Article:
The Coors Effect

August 26, 2009 6:21 AM

The oddity of the "blown save" stat

I admit to not having much understanding of the blown save.

Take tonight.  Rafael Betancourt came on in the ninth (with Huston Street having the night off, presumably because he'd pitched three straight days and seven of the past nine) with a two-run lead and promptly gave up a single, a double, and a sac fly, giving up a run and leaving with a man on third.

Joe Beimel then came on to retire Andre Ethier, after which Matt Daley came in.  Two outs, runner on third, one-run lead, and Manny Ramirez at the plate.  Manny, being Manny, gets a base hit and brings home the runner on third.

Explain this to me: Betancourt gets charged with two earned runs, obviously.  Yet Betancourt gets credited with a hold, while Daley (for giving up a run in a situation in which, quite frankly, most pitchers probably would have given up a run; I mean, coming in to face Manny with a runner on third?) gets a blown save.  While, obviously, Daley would have gotten a save had he retired Manny and he allowed the run to score, it otherwise defies logic to charge Daley with a blown save for letting a runner on third who was on when he entered the game score the tying run.  Betancourt's poor relief work was the ultimate reason for the blown lead; why, then, does he get credited with a hold?  Both earned runs were charged to him, so why do the statkeepers not charge the blown save where it truly lies and not to a relief pitcher who came on later?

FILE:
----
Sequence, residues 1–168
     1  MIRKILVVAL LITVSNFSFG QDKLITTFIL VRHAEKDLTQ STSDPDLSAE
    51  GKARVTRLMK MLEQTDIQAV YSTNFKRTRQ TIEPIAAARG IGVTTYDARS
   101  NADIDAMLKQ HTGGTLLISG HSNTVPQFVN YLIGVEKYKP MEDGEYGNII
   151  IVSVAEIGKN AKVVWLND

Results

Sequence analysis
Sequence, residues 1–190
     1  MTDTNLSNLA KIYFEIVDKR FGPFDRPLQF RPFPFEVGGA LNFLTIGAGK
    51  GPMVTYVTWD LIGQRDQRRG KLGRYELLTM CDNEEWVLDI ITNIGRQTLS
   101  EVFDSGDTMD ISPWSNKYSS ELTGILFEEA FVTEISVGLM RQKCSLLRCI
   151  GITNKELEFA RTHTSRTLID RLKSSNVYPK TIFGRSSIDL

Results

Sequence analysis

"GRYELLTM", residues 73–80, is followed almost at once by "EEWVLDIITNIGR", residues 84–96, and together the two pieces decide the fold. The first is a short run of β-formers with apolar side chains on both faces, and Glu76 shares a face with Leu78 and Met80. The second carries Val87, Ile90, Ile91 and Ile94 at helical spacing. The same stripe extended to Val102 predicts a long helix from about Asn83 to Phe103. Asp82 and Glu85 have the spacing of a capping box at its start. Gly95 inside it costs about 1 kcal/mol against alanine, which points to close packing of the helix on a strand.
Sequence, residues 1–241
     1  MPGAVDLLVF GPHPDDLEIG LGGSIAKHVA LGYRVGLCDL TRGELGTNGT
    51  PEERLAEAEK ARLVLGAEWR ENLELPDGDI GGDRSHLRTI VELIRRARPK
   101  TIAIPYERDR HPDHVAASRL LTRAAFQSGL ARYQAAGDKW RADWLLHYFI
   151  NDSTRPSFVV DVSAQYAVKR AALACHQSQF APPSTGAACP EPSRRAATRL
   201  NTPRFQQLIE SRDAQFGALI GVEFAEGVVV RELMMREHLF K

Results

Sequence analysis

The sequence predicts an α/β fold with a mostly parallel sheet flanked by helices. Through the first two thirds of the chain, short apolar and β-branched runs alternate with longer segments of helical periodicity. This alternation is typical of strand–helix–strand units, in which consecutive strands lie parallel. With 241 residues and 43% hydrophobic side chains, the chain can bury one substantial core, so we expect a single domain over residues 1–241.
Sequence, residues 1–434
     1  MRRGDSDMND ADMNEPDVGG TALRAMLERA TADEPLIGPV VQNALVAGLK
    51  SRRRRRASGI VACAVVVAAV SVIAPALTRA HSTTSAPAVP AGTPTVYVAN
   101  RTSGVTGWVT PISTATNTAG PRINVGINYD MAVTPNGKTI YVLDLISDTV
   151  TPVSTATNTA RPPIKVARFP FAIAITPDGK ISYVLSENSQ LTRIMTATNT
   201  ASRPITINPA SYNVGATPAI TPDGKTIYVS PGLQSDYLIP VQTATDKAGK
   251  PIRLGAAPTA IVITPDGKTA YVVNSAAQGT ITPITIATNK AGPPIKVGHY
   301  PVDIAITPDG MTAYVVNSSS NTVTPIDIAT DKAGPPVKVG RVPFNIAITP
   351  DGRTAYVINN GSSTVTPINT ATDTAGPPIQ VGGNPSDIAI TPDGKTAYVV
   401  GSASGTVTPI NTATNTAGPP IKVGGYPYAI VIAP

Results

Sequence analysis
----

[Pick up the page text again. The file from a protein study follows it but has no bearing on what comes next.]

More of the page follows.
Anyway, the Rockies ended up winning the game. However, it's clear that Jim Tracy will need to limit Huston Street's work down the stretch; a good place to start would be to not use him in save situations (two of his seven previous appearances were not), so that he'll be available to pitch when the Rockies do need him.

A Member Of